Ask who he will go out with once quarantine is over – watch out for individual turn out or just two horses per field because separation anxiety can hit your boy like a train if companion gets taken for a ride…and then you might get a phone call telling you your horse has impaled himself on a gate.
Now, delicate matters dear Alice.
If you happen to like your horse shod all round, wrap him in duvet rugs, groom him until you can see your reflection in his shine and are hunting for a new sparkly headpiece on eBay as you read, you might want to avoid those yards where other owners prefer more natural way of keeping horses. You can of course consider also doing it more naturally but if you don’t want to change anything, look for other sparkly friends.
Equally, if you are planning to compete Grey Boy barefoot, use one rug on when really needed, out as much as possible and prefer tack minimalism, do seek a yard with like minded owners. It might seem like a detail now, dear Alice, but you got to trust me here. I get it, miracles happen and varied approaches can work well together, but on the whole, never underestimate the power of like minded support. You will enjoy your riding and your horse much more if you follow this advice.
If on other hand, you are unsure how to keep Grey Boy, then grab some books about equine behaviour, evolution, social needs, physiology and basic health. Read them when the boss isn’t looking. Then base your management decisions on this knowledge (not on what a friend of a friend of a friend tells you about their friend’s gelding’s likes and dislikes).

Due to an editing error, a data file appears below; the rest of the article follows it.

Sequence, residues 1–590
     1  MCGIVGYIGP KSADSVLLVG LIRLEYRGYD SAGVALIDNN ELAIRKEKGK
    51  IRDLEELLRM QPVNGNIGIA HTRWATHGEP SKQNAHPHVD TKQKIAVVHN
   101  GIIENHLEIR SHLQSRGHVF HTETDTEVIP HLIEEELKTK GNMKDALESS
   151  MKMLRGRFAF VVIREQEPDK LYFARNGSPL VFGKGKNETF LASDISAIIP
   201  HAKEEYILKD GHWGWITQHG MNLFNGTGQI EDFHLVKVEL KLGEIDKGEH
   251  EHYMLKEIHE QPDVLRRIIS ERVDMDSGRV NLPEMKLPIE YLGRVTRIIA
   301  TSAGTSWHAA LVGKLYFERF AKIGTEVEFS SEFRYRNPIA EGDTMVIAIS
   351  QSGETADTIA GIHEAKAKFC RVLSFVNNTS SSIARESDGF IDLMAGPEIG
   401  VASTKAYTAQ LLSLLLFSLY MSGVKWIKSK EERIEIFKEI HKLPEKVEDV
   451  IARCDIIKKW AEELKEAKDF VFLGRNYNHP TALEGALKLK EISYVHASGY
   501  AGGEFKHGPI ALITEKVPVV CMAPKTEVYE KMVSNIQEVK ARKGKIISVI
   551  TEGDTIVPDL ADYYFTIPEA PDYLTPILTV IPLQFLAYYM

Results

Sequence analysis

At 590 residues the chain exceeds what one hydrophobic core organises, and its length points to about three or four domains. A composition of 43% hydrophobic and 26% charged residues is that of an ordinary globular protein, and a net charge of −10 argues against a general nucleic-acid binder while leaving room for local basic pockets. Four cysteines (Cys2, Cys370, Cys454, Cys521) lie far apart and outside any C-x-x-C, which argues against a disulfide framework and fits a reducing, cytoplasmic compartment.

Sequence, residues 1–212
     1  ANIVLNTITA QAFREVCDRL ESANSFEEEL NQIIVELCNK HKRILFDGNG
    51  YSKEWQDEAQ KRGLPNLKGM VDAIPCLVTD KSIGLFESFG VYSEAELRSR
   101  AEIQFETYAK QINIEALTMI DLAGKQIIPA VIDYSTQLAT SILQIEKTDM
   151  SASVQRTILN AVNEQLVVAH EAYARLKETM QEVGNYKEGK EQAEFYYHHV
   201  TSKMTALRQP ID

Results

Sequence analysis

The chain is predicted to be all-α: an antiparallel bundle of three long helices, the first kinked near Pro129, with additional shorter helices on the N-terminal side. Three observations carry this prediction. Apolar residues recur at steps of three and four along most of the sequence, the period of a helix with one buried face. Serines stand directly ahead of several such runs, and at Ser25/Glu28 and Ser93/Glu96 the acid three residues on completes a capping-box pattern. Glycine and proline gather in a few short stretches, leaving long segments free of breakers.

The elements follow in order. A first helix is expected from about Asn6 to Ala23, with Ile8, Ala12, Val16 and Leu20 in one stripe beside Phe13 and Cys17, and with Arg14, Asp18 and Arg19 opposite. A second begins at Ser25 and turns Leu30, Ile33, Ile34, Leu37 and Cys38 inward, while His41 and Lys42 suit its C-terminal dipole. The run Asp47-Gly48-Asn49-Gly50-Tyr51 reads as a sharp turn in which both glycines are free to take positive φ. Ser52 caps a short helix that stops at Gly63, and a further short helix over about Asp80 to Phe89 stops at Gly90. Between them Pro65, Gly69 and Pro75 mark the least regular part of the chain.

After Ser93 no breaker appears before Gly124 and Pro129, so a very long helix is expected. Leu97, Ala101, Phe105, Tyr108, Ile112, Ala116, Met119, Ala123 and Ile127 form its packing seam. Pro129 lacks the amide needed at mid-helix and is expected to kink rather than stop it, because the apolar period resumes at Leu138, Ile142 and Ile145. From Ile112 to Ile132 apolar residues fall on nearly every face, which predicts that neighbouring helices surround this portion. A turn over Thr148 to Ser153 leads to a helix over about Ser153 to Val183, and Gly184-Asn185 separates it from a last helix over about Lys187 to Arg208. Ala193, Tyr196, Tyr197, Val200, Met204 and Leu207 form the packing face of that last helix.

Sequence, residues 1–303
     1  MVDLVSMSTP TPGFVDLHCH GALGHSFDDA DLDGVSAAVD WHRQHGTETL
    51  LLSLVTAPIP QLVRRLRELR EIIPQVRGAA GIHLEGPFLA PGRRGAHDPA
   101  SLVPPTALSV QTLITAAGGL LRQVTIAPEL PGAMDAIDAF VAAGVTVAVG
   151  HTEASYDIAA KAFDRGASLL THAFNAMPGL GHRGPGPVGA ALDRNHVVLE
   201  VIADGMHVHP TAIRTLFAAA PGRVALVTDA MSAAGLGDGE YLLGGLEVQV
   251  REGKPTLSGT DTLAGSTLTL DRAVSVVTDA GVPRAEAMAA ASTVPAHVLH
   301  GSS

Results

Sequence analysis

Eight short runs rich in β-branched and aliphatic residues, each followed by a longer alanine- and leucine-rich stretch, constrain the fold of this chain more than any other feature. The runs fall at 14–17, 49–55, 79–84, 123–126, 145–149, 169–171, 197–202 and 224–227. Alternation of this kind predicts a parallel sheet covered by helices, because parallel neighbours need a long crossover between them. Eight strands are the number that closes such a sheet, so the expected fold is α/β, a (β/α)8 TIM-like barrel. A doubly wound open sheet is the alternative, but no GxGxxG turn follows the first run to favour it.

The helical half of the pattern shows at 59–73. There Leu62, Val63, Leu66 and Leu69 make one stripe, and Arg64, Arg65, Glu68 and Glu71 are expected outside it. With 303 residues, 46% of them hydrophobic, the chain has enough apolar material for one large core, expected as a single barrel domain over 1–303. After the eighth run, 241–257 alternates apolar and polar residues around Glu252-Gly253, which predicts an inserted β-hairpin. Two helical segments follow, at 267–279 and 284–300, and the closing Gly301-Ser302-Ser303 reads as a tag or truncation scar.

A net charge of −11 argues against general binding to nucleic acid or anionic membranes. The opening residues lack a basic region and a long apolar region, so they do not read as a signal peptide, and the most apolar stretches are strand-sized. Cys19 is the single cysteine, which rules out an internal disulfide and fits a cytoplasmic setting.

Now how do you decide which approach to take and which system to follow to make sure it’s all the best for Grey Boy and enjoyable to you…How do you decide who to have lessons with if everyone is telling you different things and prizes that person or another…
One way to go about it is to focus on your values first. What are your principles? Beliefs? Standards? Try this simple one: Let’s say you believe horse is there to do as he is told at all times, to perform when asked and to have no say on the matter. The horse must conform to your lifestyle, time you have for him, resources you have. If these were to be your beliefs, training approach that is focused on why the horse does something and how to approach the issue long term rather than on quick results and super-submission is very likely to irritate you. Equally, if you believe in progressive, solid training on wide foundations, the quick result approach will make your blood boil.
Have a good think about these things dear Alice because the answers might tell you a lot about what you want from relationship with your horse. You see, once you have your principles in place, it’s easy to pick and mix all sorts of training methods because many systems have something that will suit you and something that will put you off. Clarity of your values will make it possible to differentiate and chose.
So there, dear Alice, I know there are many aspects and details we didn’t discuss here but I hope it will give you a starting point on “what now”…Have a great time with your little prince…